Spring Training baseball is in full gear in Florida and Arizona. If you attend a game, notice the amount of communication that transpires on the field. You’ll find it quite interesting.
Going on throughout the game is constant non-verbal manager-to-player and player-to-player communication. When a team is on the defensive side of the ball, non-verbal communication happens in these ways:
- Manager to catcher – conveys a specific pitch to throw at a batter, which the catcher then relays to the pitcher, all without saying a word.
- Pitcher to catcher – acknowledges the kind of pitch the catcher just indicated.
- Coach to players – tells where to be positioned on the field when a batter is at bat.
- Catcher to players – indicates what defensive play to run in case of a bunt situation.
- Player to player – reveals a myriad of situations ranging from a finger motioning the number of outs in the inning to acknowledging a great play with a hand or head gesture.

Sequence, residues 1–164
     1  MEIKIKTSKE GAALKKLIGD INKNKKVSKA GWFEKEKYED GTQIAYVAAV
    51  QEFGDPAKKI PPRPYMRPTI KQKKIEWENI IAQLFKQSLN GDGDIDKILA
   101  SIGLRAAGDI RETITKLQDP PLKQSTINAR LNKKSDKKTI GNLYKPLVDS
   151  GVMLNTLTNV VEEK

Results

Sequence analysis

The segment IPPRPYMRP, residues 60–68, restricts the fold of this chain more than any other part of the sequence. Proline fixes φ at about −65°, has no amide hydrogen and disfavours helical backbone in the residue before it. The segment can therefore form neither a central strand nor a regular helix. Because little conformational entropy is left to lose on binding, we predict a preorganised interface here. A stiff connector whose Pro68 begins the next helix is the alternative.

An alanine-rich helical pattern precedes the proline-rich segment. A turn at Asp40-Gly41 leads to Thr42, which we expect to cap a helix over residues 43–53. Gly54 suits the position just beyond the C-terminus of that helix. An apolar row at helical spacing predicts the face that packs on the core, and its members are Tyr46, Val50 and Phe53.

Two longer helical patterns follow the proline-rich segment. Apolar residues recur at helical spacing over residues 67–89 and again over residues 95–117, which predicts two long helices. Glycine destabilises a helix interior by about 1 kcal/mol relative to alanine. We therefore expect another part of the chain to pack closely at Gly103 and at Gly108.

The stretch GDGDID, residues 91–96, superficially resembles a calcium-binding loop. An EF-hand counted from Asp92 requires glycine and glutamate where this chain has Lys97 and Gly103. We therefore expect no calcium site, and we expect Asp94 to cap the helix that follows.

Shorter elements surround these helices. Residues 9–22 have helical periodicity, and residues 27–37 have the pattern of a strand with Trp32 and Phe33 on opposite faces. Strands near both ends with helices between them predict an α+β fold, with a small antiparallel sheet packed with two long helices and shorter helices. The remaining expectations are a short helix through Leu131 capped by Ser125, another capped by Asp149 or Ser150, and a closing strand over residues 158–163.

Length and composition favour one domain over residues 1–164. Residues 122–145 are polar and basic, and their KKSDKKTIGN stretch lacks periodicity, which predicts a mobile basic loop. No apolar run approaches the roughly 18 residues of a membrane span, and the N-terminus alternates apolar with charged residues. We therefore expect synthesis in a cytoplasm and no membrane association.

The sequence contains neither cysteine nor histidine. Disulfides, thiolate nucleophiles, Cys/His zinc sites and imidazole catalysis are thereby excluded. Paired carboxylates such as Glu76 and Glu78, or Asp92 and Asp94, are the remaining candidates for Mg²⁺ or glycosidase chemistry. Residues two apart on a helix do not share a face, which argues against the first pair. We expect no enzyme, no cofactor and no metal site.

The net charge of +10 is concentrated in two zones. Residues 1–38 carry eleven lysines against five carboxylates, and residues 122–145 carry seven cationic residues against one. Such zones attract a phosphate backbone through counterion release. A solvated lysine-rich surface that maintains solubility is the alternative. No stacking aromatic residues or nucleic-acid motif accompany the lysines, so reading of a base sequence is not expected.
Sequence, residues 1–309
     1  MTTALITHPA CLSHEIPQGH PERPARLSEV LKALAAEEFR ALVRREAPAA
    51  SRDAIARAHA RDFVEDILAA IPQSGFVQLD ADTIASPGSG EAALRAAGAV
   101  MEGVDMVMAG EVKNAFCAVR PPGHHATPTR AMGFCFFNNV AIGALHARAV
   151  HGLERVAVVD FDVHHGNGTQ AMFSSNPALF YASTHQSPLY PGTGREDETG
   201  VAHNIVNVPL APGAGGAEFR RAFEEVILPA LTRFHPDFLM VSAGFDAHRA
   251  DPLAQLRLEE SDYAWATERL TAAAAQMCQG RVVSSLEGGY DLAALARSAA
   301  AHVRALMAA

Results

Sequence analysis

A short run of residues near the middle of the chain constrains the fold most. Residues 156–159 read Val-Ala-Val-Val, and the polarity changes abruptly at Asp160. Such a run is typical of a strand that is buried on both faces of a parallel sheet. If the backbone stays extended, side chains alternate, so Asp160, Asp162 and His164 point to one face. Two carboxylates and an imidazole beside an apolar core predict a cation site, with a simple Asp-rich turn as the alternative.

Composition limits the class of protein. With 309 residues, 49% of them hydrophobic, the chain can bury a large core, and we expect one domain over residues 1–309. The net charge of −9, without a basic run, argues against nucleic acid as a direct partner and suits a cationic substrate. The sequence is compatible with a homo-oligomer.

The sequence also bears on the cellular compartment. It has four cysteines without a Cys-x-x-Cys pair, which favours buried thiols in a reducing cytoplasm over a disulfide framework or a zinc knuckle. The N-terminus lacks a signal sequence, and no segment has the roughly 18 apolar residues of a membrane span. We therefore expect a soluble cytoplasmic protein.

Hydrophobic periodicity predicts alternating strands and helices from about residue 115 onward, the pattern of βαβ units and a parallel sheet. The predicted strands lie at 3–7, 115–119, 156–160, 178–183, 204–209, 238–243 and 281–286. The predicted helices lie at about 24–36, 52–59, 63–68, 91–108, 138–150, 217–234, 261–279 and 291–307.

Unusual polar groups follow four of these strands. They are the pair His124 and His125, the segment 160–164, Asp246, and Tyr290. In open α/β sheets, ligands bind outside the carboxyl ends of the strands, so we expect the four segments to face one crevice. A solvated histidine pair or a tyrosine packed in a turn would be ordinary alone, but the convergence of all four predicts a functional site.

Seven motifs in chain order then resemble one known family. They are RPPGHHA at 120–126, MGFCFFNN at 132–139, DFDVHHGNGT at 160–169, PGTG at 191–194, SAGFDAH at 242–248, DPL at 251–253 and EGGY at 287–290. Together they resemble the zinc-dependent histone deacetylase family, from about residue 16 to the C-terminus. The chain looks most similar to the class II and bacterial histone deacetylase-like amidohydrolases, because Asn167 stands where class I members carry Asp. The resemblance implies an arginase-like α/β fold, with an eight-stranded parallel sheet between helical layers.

When a team is on the offensive side of the ball, you can expect just as much non-verbal communication going on with each pitch. Non-verbal is good because everyone knows what’s going on. It’s productivity at its finest-beautiful!
How is the non-verbal communication in your organization?
This week, find at least one new non-verbal communication opportunity that will help your organization become more productive. Then repeat each week.
Communication in business is critical to success, and we tend to favor verbal communication. However, wouldn’t it be fantastic to have a set of non-verbal signals that everyone understood? With it, you’d be able to eliminate a series of time-consuming and redundant conversations. Try it!